If you were wondering if you, as an ordinary person, really had a voice that even big corporations could hear, two sisters aged 10 and 12 proved beyond a doubt that the answer is a resounding yes. Both of them started a petition that convinced Kellogg’s to ban the use of palm oil in order to save orangutans and they shared their inspiring story in an interview here:
Video credit: Rumble
Sisters Asha, 12, and Jia Fitzpatrick, 10, saw a documentary that detailed how deforestation occurs in order to make space for palm oil plantations, a practice that has devastated the ape population who live in those safe forests. The sisters then decided to stop eating cereal and started a petition directed at Kellogg.
Trees are where orangutans spend most of their time. This is why chronic deforestation has caused the deaths of more than 50,000 in Borneo and Sumatra. This has also orphaned a lot of young orangutans.
Palm oil is widely used in food but most notably, it’s also used in some Kellogg’s products.
In their change.org petition, Asha and Jia wrote: “We are sisters and we love orangutans.
“We were really upset when we saw the numbers being killed and orphaned every year are being increased by companies who want cheap palm oil – and it has to stop now.”
The petition soon got swelling of support in the form of more than 780,000 signatures, enough to catch the attention of Kellogg’s bosses. Company representatives met the sisters and promised that by 2025, 100% of its palm oil would be sustainably sourced.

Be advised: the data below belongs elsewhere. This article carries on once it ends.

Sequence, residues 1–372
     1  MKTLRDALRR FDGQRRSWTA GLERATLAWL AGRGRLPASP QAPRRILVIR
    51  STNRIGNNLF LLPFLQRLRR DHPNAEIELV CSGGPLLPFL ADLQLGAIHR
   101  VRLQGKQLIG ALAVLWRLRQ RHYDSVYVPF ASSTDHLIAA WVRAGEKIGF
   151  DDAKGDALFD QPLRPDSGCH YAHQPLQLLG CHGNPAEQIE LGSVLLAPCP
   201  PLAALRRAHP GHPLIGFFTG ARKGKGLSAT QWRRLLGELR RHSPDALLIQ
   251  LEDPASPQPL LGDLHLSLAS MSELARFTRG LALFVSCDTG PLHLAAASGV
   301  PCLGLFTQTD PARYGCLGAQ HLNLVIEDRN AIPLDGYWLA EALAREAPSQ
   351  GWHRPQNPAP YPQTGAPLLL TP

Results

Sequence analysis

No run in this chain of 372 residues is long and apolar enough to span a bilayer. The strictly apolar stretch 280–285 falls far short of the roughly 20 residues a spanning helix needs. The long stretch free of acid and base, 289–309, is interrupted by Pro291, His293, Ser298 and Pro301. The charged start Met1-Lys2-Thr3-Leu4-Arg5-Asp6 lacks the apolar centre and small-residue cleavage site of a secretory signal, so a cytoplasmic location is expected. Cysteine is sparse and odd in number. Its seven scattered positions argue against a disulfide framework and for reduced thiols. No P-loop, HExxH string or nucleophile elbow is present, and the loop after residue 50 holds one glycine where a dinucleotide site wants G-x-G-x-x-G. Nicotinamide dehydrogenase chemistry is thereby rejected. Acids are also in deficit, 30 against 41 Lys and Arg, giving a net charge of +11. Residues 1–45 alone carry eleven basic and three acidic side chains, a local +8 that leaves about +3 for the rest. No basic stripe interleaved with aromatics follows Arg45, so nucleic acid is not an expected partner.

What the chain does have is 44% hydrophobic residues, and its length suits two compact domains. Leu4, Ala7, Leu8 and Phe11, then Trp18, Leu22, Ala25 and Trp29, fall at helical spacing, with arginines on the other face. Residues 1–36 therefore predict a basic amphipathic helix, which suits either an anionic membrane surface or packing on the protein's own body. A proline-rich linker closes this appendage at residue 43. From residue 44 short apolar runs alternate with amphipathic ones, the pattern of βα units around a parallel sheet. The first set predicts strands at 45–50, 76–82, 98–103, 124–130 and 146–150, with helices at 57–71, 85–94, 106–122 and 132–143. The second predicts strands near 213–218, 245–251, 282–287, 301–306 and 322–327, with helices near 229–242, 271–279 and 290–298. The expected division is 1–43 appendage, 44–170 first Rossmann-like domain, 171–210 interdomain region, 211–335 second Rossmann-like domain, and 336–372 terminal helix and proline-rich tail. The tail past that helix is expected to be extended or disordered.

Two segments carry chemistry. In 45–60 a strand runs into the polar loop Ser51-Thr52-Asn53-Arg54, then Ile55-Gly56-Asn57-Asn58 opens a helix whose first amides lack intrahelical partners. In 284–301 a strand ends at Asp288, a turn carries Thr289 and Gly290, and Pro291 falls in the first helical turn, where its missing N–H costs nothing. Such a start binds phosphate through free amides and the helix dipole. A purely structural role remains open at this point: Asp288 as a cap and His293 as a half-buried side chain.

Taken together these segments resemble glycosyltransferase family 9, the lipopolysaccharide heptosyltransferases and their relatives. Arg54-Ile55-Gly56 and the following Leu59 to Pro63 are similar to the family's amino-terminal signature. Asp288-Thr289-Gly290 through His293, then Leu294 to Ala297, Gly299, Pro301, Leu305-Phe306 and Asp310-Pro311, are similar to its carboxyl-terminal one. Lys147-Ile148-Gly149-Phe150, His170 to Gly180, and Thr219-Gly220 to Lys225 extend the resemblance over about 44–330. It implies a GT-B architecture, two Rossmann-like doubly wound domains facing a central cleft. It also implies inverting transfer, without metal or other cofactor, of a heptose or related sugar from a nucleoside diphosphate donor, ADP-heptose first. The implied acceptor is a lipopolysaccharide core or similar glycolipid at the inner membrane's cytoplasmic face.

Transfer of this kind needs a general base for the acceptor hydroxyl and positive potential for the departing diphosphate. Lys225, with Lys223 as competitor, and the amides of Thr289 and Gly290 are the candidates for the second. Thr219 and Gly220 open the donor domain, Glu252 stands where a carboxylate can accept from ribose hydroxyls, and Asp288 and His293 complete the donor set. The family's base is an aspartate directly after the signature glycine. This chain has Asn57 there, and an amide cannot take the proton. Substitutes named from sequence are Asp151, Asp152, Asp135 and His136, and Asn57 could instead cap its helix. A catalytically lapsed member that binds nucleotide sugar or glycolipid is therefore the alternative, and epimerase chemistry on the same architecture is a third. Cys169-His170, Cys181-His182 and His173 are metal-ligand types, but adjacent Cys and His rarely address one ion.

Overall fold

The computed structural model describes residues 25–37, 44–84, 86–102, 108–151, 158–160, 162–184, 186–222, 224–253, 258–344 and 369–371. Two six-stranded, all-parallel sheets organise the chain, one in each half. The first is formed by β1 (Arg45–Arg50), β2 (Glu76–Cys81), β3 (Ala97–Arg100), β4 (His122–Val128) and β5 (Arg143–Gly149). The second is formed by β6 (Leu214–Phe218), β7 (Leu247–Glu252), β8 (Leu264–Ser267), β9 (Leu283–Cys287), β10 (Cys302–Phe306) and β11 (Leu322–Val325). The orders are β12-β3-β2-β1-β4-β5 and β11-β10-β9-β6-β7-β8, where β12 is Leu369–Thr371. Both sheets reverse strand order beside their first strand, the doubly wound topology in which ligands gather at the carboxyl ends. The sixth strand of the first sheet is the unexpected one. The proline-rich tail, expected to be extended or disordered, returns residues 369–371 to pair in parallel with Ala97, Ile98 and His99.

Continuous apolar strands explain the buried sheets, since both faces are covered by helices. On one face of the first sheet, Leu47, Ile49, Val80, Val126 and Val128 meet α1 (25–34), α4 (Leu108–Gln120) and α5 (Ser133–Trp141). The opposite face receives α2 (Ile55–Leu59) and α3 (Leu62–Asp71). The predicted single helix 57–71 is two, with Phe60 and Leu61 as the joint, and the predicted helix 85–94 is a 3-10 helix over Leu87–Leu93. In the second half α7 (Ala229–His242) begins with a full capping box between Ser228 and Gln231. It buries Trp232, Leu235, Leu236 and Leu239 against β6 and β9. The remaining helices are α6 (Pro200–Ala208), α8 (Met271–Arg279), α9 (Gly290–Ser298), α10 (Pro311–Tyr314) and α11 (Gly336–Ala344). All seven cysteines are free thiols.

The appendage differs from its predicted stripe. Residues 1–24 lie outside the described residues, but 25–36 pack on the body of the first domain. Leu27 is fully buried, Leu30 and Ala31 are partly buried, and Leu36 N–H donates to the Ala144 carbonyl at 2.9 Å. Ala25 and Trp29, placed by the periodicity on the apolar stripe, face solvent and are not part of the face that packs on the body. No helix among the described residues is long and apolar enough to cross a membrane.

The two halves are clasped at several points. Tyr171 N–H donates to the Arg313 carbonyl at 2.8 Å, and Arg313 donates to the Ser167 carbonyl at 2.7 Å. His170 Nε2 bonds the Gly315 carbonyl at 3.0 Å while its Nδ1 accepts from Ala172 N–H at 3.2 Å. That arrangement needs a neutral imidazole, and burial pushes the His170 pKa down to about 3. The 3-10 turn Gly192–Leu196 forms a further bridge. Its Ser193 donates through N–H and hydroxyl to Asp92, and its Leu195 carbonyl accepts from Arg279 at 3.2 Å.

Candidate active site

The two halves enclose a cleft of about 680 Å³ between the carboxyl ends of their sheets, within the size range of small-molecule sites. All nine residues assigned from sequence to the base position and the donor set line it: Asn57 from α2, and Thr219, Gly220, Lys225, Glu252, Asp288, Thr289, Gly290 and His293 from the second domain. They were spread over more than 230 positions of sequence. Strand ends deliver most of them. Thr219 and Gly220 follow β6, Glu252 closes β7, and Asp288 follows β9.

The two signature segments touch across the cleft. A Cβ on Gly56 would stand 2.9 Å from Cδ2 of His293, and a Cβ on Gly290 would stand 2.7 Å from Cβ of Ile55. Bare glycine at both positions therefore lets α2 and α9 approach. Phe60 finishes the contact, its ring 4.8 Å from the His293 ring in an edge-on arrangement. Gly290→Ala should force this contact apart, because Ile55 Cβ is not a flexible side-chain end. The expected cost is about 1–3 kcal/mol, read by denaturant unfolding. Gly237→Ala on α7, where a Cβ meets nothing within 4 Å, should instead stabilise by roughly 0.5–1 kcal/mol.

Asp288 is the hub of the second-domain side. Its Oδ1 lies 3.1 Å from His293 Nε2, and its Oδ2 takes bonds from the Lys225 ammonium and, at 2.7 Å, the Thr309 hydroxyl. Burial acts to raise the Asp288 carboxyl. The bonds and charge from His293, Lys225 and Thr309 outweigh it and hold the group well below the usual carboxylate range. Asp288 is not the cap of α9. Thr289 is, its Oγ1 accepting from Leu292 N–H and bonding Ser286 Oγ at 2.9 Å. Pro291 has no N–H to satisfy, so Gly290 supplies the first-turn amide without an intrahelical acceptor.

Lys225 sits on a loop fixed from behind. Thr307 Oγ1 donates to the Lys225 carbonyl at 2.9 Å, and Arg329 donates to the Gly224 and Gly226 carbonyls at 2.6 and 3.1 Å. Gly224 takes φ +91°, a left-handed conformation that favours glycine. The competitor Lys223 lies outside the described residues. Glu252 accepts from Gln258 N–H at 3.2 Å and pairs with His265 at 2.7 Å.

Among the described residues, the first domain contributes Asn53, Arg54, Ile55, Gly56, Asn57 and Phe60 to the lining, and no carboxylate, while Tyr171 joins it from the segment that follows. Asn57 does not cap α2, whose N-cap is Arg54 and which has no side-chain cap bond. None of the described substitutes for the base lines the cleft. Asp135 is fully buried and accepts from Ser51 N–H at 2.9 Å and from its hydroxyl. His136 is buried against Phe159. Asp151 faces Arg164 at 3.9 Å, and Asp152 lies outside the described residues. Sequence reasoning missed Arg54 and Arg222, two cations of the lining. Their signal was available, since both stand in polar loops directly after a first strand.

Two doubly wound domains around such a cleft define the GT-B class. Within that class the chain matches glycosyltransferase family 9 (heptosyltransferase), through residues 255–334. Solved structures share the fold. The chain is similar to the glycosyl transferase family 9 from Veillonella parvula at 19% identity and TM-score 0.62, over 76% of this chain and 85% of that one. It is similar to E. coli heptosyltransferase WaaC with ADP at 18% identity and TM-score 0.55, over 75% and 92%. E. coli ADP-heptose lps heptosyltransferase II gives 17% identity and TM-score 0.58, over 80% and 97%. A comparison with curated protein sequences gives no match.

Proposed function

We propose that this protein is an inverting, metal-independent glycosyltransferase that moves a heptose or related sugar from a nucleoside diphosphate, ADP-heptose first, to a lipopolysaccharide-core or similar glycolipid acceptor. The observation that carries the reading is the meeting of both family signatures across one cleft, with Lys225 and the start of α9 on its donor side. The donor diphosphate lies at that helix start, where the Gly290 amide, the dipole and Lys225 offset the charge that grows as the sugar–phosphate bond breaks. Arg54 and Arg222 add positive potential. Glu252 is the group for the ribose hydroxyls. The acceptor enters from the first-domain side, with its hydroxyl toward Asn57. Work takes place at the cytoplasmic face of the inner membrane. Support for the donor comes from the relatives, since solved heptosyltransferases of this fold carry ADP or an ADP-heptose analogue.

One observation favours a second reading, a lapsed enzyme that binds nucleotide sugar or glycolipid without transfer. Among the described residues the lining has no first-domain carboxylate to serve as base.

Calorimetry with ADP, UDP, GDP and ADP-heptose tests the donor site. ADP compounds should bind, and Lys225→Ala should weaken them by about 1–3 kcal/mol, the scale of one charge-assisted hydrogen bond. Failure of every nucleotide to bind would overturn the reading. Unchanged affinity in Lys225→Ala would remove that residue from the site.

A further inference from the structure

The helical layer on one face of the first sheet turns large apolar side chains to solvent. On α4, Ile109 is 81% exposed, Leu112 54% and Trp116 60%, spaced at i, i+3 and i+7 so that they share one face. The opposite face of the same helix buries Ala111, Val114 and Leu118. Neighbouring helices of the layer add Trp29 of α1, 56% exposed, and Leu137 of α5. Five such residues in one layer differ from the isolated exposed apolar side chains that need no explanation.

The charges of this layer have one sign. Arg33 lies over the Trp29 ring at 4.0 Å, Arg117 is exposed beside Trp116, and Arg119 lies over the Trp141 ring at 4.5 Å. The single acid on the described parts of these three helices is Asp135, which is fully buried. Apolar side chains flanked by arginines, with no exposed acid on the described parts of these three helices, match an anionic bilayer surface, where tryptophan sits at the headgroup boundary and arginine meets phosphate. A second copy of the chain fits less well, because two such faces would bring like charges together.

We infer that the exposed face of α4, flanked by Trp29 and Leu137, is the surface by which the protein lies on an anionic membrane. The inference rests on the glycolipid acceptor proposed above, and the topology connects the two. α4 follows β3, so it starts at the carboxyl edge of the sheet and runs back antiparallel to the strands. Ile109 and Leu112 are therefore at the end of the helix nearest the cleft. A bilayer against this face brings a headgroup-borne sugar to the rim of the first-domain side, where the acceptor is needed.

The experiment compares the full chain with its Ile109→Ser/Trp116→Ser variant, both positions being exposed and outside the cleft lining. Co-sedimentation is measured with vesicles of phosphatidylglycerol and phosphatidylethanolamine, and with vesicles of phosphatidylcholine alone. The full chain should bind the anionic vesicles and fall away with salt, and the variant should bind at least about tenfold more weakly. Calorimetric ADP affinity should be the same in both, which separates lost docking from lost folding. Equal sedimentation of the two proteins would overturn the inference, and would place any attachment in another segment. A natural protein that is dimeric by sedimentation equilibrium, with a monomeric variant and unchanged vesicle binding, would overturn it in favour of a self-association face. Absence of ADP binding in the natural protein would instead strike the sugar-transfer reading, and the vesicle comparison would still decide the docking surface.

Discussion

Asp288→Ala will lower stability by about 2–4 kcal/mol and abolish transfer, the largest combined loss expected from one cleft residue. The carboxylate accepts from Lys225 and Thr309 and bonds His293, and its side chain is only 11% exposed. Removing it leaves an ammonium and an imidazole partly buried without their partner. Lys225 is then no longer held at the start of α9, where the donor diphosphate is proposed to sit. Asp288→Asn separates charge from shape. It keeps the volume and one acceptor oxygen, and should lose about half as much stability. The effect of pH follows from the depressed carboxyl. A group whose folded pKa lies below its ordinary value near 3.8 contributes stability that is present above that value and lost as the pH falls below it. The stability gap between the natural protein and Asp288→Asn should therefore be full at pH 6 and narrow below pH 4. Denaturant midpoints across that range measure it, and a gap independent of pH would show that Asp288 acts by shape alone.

The sisters’ mom, Harvinder Dhinsa, from Leighton Buzzard, Beds, said all of them were “really surprised” by the response.
She added: “They weren’t expecting such a commitment. I’m proud of them – it shows no matter how small you are you have a voice and people will listen.”
Alison Last, Kellogg’s spokeswoman, confirmed that the company had now “updated its global palm oil policy and launched its global deforestation policy.”
She said: “Kellogg’s is committed to working with its suppliers to source fully traceable palm oil that is produced in a manner that’s environmentally responsible, socially beneficial… which includes helping to mitigate deforestation.”
There are fewer than 120,000 orangutans that can be found in the wild, putting it on the World Wildlife Fund’s critically endangered list.
Recommended Video For You!
“Curious Orangutan Asks Lady To Remove Bandages And Show The Wound”